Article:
Just shoot me

Here’s some depressing news from the well-connected Ezra Klein:

People dismissed Summers’s chances a month or two ago, but he’s increasingly viewed as the leading candidate today — and opinions on this, for reasons I don’t fully understand (though I suspect have to do with a bunch of elite trial balloons going up at the same time), have really hardened in the last 72 hours.

People I respect like Matt Yglesias and Tyler Cowen don’t seem to have a big problem with Summers, but with all due respect I don’t think they’d paid close enough attention to his appalling record on monetary policy over the past 5 years.  In addition to his written comments, the evidence suggests that he failed to tell Obama how critical it was to have people at the Fed who would adopt a more expansionary monetary policy.

I’ve often argued that macroeconomists as a group caused the Great Recession.  Obviously “macroeconomists” is a vague term, but there are real flesh and blood individuals on both the left and the right who failed to forcefully advocate monetary policies that would lead to an appropriate level of AD.  Summers was one of the most important.

Amazingly, there isn’t even any discussion of Romer.

PS.  I do understand that the train may have already left the station on the Evan’s Rule, and that the choice may not make a huge difference in the short run.  But don’t we want to have a competent leader there for the next crisis?  These guys tend to stay in the position for a long time.  We are probably moving toward a world where the zero bound occurs much more often.  Do we really want to replace a guy who thinks the Fed can control AD at the zero bound, with someone that doesn’t?  I’m in a state of shock.

HT:  TravisV


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26 Responses to “Just shoot me”

  1. Gravatar of Justin Irving Justin Irving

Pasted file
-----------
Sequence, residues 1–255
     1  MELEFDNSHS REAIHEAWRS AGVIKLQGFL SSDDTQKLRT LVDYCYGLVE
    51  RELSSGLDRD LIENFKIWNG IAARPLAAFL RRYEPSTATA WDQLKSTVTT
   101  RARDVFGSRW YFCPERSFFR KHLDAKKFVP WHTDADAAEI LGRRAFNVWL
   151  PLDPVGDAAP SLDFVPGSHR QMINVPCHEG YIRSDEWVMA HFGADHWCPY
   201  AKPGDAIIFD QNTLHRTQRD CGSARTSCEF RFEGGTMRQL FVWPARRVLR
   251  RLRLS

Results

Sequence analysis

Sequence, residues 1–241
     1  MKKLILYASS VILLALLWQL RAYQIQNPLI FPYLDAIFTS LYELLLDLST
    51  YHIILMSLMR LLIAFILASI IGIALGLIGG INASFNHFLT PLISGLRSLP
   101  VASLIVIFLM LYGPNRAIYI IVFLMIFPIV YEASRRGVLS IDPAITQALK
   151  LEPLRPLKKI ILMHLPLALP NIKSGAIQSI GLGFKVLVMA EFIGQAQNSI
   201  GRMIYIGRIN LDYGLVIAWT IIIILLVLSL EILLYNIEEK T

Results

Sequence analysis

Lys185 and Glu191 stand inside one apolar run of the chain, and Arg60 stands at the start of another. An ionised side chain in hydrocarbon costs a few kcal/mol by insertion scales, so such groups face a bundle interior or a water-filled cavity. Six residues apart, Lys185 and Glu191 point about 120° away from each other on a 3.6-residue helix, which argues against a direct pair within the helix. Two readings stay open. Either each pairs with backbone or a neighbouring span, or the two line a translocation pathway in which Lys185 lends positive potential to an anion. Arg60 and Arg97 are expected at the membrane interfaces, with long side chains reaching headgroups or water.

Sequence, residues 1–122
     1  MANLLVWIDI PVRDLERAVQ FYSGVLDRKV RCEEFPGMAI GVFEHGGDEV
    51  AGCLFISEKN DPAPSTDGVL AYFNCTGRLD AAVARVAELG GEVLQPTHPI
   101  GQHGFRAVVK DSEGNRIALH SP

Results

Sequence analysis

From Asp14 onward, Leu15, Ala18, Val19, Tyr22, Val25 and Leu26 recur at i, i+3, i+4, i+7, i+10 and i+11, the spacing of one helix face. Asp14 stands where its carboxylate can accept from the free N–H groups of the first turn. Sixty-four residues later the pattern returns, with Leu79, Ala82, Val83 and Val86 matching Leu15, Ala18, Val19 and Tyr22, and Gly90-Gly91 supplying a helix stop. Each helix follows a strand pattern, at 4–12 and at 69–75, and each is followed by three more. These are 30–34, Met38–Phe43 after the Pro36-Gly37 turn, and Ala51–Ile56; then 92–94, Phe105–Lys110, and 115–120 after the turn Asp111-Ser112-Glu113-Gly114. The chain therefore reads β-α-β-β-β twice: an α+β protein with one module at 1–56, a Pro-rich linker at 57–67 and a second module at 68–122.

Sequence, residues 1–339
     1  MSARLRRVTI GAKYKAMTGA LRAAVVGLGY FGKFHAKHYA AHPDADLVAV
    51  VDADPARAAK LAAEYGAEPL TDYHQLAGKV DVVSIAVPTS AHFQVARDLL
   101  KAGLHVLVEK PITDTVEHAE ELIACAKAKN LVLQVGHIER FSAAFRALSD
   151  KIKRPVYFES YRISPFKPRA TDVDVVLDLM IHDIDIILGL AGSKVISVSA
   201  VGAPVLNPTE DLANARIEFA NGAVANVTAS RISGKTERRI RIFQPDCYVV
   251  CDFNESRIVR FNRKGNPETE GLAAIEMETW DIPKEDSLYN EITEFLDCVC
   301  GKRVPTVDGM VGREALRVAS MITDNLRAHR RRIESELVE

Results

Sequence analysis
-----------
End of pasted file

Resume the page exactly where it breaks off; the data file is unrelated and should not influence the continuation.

23. July 2013 at 17:39

    I don’t understand this love of Summers on the left. Have they forgotten why he was run out of Harvard? So many better candidates in the Democrats’ camp…

  2. Gravatar of Mark_H Mark_H
    23. July 2013 at 18:11

    Political life really does irreversibly warp brilliant minds. Imagine how much better off the average person would be if Chicago and the likes of DeLong, Summers, & Krugman weren’t taken over by their respective political machines.

  3. Gravatar of Benjamin Cole Benjamin Cole
    23. July 2013 at 19:50

    Summers for Fed chief? Well, just a couple letters off.

    You mean Sumner, don’t you?

    One aspect about Summers: He seems to change jobs a lot. Hot-headed. Antsy. He might stay in as long as everyone thinks.

  4. Gravatar of TallDave TallDave
    23. July 2013 at 19:58

    That’s a good point, there will be more crises, and the Fed response matters a lot.

    But from Obama’s POV he is best served by someone who will reliably complain about the Republicans’ fiscal policies, and that’s why Summers is a good pick. As with every appointment in this admin, governance is a distant to politicking. The Fed is already wading into social engineering with the MBS purchases, look for ever-murkier relationships between the fiscal and the monetary.

    All that said, I think Summers would not be anywhere near as bad as anyone President Rick Perry would have considered. Romney might have figured out NGDPLT by now, but I don’t have a lot of hope in anyone else. It’s weird, as much as I agree with Rand Paul on almost everything else, he would be one of the worst on monetary policy.

  5. Gravatar of Steve Steve
    23. July 2013 at 22:22

    I have visions of the future President Marco Rubio complaining about tight money while Larry Summers retorts that Rubio isn’t enlarging the government fast enough and monetary policy isn’t effective due to a shortage of safe assets, or something.